Wednesday, October 31, 2007

Hazaron Khwahishen Aisi

hazaaro.n Khvaahishe.n aisii ki har Khvaaish pe dam nikale
bahut nikale mere armaa.N lekin phir bhii kam nikale

[khwaish: desire]

हज़ारों ख्वाहिशें ऐसी के हर ख्वाहिश पे दम निकले
बहुत निकले मेरे अरमान लेकिन फिर भी कम निकले।

I have a thousand desires, all desires worth dying for
Though many of my desires were fulfilled, majority remained unfulfilled.

This is another philosophical sher of Ghalib. Here he talks about human desires which define human existence. Life is all about desires. While some of these desires do get fulfilled, others don’t. With the passage of time new desires keep getting added in this long list of desires. So even if many of a man’s desires are fulfilled, he is never satisfied, for many still remain unfulfilled.

Dare kyuu.N meraa qaatil kyaa rahegaa usakii gardan par
vo Khuu.N jo chashm-e-tar se umr bhar yuu.N dam-ba-dam nikale
[chashm-e-tar: wet eyes; dam-ba-dam: continuously]

डरे क्यों मेरा कातिल, क्या रहेगा उसकी गर्दन पर
वो खून, जो चस्म-ए-तर से उम्र भर यूं दम-बा-दम निकले।

Why should my murderer/killer be afraid for what will remain on her neck?
This blood that has flowed continuously from my wet eyes throughout life.

Ghalib asks his slayer (his beloved), why she fears slaying him? No blood will remain on her neck (hand), even if she slays him for he has no blood left in him. All his blood has flown continuously through his eyes all his life. So she need not fear any legal or moral compunction in killing him. She will not be punished for slaying him.

nikalanaa Khuld se aadam kaa sunate aaye hai.n lekin
bahut be-aabaruu hokar tere kuuche se ham nikale
[Khuld: paradise; be-aabaruu: disgrace; kuuchaa: street]

निकलना खुल्द से आदम का सुनते आए थे लेकिन
बहुत बे-आबरू होकर तेरे कुचे से हम निकले।

We had heard of Adam’s expulsion from Paradise
With great disgrace I came out of your street.

This ‘sher’ though one of Ghalib’s of-quoted ones has been subject to various interpretations by scholars. While the apparent meaning is pretty clear, some of the different interpretations are like, (a) while the fate of Adam was long in the past, I suffer this disgrace now (b) people have heard about Adam’s case and so sympathize with his suffering, I have suffered no less. Hali (Ghalib’s student) says that the addition of the word ‘bahut’ implied that his disgrace was far greater than Adam’s. Take your pick…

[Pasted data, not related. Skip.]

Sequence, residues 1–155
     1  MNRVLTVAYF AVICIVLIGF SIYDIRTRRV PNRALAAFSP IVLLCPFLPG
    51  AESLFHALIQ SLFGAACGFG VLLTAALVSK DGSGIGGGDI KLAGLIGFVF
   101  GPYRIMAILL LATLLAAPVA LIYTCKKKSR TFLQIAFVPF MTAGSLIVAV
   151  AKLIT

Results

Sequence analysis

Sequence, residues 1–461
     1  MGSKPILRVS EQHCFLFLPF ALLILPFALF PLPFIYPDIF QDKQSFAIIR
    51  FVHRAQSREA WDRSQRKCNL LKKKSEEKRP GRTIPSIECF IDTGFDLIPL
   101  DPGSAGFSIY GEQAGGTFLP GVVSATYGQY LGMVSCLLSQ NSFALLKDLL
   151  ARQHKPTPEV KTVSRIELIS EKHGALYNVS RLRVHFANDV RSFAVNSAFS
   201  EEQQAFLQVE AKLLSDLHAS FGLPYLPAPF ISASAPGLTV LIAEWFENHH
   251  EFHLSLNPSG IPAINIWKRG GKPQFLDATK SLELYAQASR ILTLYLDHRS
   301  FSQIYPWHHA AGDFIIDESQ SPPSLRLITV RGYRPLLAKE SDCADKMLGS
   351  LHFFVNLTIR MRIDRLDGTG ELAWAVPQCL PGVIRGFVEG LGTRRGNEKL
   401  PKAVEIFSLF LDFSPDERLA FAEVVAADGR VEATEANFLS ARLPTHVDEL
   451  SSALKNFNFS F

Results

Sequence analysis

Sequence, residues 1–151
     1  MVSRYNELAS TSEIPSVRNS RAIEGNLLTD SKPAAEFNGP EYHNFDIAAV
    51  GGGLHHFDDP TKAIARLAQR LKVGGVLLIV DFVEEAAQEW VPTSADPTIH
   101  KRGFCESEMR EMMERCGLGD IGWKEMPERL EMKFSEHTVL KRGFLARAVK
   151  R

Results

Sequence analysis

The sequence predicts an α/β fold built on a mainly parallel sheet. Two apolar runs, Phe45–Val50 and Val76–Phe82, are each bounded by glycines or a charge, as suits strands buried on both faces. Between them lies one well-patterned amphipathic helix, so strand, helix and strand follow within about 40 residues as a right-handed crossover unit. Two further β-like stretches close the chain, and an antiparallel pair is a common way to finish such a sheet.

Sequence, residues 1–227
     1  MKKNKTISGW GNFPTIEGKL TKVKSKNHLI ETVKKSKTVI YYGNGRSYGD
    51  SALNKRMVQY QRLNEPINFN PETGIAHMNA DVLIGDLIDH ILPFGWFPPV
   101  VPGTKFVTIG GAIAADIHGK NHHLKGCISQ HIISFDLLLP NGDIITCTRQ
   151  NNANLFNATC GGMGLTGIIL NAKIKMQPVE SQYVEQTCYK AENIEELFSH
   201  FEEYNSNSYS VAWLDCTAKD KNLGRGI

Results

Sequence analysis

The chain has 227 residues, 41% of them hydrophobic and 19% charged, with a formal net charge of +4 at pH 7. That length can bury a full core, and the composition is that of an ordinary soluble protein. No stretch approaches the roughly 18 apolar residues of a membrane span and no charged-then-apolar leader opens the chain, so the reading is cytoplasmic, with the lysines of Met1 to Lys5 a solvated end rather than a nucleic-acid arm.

huii is daur me.n ma.nsuub mujhase baadaa-ashaamii
phir aayaa vo zamaana jo jahaa.N se jaam-e-jam nikale
[daur: era, ma.nsuub: association, baada-aashaami: wine drinking]
[jam-e-jam: goblet of King Jamshed]

हुई इस दौर में मनसूब मुझसे बाद:असामी
फिर आया वह ज़माना जो जहाँ में जाम-ए-जम निकले।

In this era wine drinking has become associated with me
The time has come for the Goblet of King Jamshed to re-appear in this world.

Ghalib says that in this era wine drinking has become synonymous with his name. So the time for King Jamshed’s goblet to reappear has come. It is believed that King Jamshed was the discoverer of wine and goblet. Here he compares his prowess of drinking to King Jamshed.

huii jinase tavaqqo Khastagii kii daad paane kii
vo hamase bhii ziyaadaa Khastaa-e-teG-e-sitam nikale
[tavaqqo:expectation; Khastagii:injury, daad: appreciation]
[Khasta: broken/sick/injured, teg-e-sitam: sword of cruelty]

हुई जिनसे तवाक्को खस्तगी की दाद पाने की
वो हमसे भी ज्यादा खास्त:-ए-तेग-ए-सितम निकले

From those whom I expected appreciation of my wounds
They turned out to be even more wounded by the swords of tyranny.

Another of Ghalib’s sher subject to multiple interpretations and also according to us, philosophical. Here he says that how could he expect any appreciation of his sufferings, when others suffer more than him. In this world everyone seeks understanding of their own problems but fail to realize that others have problems too and that their problems may be of a far greater magnitude than ours. Some writers have interpreted it as Ghalib’s lament as to how his beloved could appreciate his wounded feelings when her own feelings had been wounded by someone else i.e. her love for the other person had not been reciprocated.

muhabbat me.n nahii.n hai farq jiine aur marane kaa
usii ko dekh kar jiite hai.n jis kaafir pe dam nikale
[dam nikalna: to die]

मुहब्बत में नहीं है फर्क जीने और मरने का
उसी को देख कर जीते हैं, जिस काफिर पे दम निकले।

In love there is no difference between life and death
I live to see her, the one, over who I die.

In love, the boundary between life and death is erased. One thinks of the lover all the time, lives in the hope of seeing her, and is ready to lay down his life for her. Well, slightly run of the mill stuff from Ghalib, this one.

Kahaa.N maiKhaane ka daravaazaa 'Ghalib' aur kahaa.N vaaiz
par itanaa jaanate hai.n kal vo jaataa thaa ke ham nikale
[maikana: bar, vaaiz: preacher]

कहाँ मैखाने का दरवाज़ा 'ग़ालिब' और कहाँ वाइज़
पर इतना जानते हैं, कल वह जाता था के हम निकले।

Where the door to the bar, where Ghalib and where the preacher (how can you compare them)
But I know this much, yesterday, when he was going, I was coming out.

The preacher calls wine drinking all bad and goads people against it. But I guess he too has his ‘pegs’. So despite all his teachings of abstinence, he too drinks (implying that addiction to wine is universal and that drinking comes naturally to people). Now, what we like about this sher is its tongue in cheek approach. He does not directly accuse the preacher of drinking, but says yesterday he saw him ‘passing by’ the bar and so was surprised. The rest he leaves to the imagination of the reader.



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C.H. Atma sings Hazaon Khawhisen

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